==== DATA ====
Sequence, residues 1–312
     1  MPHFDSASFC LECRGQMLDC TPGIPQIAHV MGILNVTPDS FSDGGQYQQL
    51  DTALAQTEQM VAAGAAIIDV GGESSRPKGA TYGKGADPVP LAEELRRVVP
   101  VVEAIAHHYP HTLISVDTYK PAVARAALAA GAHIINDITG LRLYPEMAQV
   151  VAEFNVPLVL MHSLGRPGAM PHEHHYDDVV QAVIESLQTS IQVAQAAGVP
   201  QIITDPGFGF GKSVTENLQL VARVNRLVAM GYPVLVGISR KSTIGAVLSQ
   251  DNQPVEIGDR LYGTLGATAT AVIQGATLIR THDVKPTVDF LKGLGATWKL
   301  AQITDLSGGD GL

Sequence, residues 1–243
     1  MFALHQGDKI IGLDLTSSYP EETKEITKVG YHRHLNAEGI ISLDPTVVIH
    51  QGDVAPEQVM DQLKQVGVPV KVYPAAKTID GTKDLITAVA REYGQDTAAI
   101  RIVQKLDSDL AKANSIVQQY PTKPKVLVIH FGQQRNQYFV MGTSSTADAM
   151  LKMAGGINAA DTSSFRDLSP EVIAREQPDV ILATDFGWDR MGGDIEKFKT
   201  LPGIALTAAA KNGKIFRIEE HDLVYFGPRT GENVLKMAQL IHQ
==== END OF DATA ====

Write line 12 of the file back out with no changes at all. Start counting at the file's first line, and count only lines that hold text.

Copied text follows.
   101  RIVQKLDSDL AKANSIVQQY PTKPKVLVIH FGQQRNQYFV MGTSSTADAM